Laughlin won't run for PA governor, set to endorse another Republican

State Sen. Dan Laughlin of Erie has decided to forego a run for governor in 2022 and instead endorse a fellow Republican for the job.

"I firmly believe that had I gotten the support that absolutely I would have been an excellent contender against Josh Shapiro in the general election," Laughlin told the Erie Times-News Monday morning, referring to the Democratic frontrunner and state attorney general. "But try as I might I couldn't raise any money."

Hart announces: Former GOP Congresswoman Melissa Hart expected to announce run for Pa. governor

State Sen. Dan Laughlin, of Millcreek, R-49th Dist., is shown in his Erie office on Nov. 4. Laughlin told the Erie Times-News on Monday that he would not run for governor, and is set to endorse businessman and former Delaware County Councilman Dave White.
State Sen. Dan Laughlin, of Millcreek, R-49th Dist., is shown in his Erie office on Nov. 4. Laughlin told the Erie Times-News on Monday that he would not run for governor, and is set to endorse businessman and former Delaware County Councilman Dave White.

Laughlin, who last month said he had struggled to raise money since launching an exploratory committee in June, was expected to reevaluate his potential campaign by the end of the year if fundraising continued to lag.

He said Monday he would have forged ahead with a campaign had he been able to raise $350,000 to $400,000. Last month he said he'd raised about $200,000. On Monday, he said he had roughly $125,000 in the bank.

A recent fundraiser, he said, "didn't go well." At that point, he figured his chances of being able to gain traction in a crowded field of candidates wasn't likely.

More: State Sen. Dan Laughlin: 'I like my chances' in governor's race, but fundraising lags

More: Laughlin considering bid for senate president, exiting governor's race if successful

'We have a lot in common'

A press release from his campaign Monday morning said Laughlin plans to announce his "gubernatorial endorsement" at Team Hardinger Transportation, 1314 W. 18th St., on Tuesday.

“I believe we need to come together and focus on the future of the Commonwealth,” Laughlin says in the statement. “This candidate has the potential of bringing the necessary unity to the 2022 Election and I am giving him my full support.”

That candidate is Republican businessman and former Delaware County Councilman Dave White, Laughlin told the Times-News Monday.

White, a 60-year-old third-generation steamfitter, having more than 40 years of experience in HVAC installation and servicing, founded the company DWD Mechanical Contractor Inc. in 2005. Prior to starting his own business, White worked several decades as a union pipefitter.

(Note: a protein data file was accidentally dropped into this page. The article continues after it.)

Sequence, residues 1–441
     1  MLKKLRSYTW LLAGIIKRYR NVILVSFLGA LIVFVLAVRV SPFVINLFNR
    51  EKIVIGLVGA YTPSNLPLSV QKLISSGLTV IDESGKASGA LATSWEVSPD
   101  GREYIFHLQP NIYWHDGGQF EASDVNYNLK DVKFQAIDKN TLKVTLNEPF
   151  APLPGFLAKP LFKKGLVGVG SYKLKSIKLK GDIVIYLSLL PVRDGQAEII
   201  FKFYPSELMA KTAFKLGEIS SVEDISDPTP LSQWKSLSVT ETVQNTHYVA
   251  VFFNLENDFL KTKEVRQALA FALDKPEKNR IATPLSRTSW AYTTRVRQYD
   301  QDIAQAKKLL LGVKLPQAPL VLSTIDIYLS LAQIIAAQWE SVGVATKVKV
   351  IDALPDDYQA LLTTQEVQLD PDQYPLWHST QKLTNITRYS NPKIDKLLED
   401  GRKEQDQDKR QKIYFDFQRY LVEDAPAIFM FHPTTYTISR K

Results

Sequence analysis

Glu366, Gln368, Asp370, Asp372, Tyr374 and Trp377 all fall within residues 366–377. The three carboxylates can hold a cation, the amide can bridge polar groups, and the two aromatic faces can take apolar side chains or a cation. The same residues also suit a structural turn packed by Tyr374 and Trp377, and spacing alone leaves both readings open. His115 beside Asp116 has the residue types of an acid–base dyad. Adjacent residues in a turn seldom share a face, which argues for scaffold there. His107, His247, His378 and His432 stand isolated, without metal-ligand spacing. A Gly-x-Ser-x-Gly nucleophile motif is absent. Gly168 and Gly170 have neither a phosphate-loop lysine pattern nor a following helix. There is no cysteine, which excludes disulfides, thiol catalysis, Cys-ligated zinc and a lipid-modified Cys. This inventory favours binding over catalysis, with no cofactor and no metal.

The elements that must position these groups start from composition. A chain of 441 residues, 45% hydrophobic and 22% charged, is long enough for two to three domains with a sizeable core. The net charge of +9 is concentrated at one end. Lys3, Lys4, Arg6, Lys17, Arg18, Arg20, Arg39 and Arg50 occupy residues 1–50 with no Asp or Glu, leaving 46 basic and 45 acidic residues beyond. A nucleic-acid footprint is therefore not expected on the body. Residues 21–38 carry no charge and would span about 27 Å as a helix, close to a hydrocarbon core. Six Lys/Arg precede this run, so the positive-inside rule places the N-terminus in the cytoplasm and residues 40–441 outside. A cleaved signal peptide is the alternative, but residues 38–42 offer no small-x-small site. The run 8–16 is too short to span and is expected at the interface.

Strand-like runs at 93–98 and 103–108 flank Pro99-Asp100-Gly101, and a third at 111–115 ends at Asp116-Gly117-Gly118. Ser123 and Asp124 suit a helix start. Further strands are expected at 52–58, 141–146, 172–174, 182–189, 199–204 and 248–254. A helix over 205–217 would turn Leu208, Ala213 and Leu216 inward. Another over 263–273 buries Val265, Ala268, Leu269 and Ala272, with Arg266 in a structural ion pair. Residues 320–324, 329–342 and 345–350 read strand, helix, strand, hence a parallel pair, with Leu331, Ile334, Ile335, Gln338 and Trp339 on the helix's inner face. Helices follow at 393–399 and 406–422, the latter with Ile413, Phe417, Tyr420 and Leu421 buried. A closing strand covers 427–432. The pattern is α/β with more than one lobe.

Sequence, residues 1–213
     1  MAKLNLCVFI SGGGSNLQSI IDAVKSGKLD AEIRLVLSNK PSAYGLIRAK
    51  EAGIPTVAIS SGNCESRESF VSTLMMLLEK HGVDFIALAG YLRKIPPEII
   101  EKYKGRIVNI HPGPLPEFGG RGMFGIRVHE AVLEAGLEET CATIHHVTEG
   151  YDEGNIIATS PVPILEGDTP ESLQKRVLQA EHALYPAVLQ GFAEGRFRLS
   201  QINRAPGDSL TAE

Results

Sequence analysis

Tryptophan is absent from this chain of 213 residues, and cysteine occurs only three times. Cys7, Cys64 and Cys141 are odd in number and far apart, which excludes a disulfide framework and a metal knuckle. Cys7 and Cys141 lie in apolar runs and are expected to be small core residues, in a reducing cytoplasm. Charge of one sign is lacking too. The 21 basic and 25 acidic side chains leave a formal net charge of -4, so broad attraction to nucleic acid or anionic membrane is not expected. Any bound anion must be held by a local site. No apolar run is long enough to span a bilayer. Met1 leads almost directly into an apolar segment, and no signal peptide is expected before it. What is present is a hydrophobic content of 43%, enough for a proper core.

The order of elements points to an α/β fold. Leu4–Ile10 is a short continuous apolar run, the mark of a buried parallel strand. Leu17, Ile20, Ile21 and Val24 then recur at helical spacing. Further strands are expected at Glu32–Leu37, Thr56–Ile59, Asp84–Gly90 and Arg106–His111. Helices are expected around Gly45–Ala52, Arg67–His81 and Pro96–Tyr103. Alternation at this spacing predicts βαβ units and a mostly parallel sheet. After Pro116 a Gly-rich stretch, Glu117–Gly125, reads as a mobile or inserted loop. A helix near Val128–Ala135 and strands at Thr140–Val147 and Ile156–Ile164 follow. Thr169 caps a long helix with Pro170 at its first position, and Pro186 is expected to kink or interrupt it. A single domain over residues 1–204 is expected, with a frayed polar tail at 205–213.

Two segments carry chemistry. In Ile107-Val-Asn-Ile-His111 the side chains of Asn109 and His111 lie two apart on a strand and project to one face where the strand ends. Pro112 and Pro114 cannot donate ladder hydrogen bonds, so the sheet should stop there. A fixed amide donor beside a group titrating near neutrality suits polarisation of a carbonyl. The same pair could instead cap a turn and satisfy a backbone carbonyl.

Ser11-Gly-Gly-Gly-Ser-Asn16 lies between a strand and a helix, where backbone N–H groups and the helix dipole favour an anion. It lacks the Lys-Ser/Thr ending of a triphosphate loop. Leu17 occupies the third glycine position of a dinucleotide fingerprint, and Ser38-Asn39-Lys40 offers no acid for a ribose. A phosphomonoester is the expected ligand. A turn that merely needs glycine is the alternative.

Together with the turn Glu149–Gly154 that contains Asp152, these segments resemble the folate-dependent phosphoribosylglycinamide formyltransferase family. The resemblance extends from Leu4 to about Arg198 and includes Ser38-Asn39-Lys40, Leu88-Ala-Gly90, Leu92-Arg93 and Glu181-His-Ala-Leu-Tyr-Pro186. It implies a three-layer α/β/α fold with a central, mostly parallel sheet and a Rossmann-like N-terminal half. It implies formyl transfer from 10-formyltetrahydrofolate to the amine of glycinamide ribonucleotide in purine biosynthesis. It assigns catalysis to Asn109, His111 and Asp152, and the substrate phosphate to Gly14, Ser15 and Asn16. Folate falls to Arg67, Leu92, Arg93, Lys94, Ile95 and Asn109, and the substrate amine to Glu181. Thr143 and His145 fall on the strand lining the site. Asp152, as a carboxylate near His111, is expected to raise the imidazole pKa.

White told the (Wilkes-Barre) Times Leader last month that he's invested $2 million of his own money into his campaign.

A few months ago I met Dave White and he's got kind of a similar background to me," Laughlin said. "Obviously he's much more financially successful, but he grew up fairly lower-income. His father was a steamfitter. My father was a union carpenter. We have a lot in common and in getting to know him a little bit, that shared upbringing that we have is why I feel strongly enough to support him in this effort early on."

Keeping his options open

Laughlin, 59, of Millcreek Township, Erie County, represents the 49th Senate District and is completing the first year of his second, four-year term.

After winning 60% of the vote in his 2020 reelection campaign, Laughlin began discussing a potential run for governor in 2022 to fill the open seat now held by Gov. Tom Wolf, a two-term Democrat who is term-limited.

Laughlin said he couldn't raise enough money to complete a successful run for governor.
Laughlin said he couldn't raise enough money to complete a successful run for governor.

Laughlin fashioned himself as a centrist who could win independents, moderate Democrats and Republicans in a field of "far-right" GOP candidates. This year he became the first Republican in the General Assembly to call for the legalization of recreational marijuana and proposed an increase in the state's minimum wage. He's also said that he would not make any changes to Pennsylvania's abortion laws as most people in his party have called for tighter restrictions.

More: State Sen. Dan Laughlin cosponsors bill to permit home cultivation of medical marijuana

But with so many other Republicans exploring or officially announcing their candidacies, Laughlin struggled to bring in cash.

The field of Republicans is into the upper teens, with former Congressman Lou Barletta, Pennsylvania Senate President Pro Tempore Jake Corman, and state Sen. Doug Mastriano at the top of the field, according to some polls. Most Republicans are undecided on who they want to run against the Democratic frontrunner, state Attorney General Josh Shapiro, who is the only person in his party to have announced their candidacy.

Laughlin said he'll keep open his options for a future gubernatorial bid. He would even consider running for Congress in 2022, but he would not challenge an incumbent Republican. U.S. Rep. Mike Kelly, R-16th Dist., plans to seek a sixth two-year term, his office said last month, but he has not formally declared his campaign for reelection.

"I'm not ruling anything out," Laughlin said. "You just never know what's going to happen. Something's going to work out. I've got a pretty good political future, I believe."

Contact Matthew Rink at mrink@timesnews.com. Follow him on Twitter at @ETNrink.

This article originally appeared on Erie Times-News: Laughlin won't run for PA governor, set to endorse Republican Dave White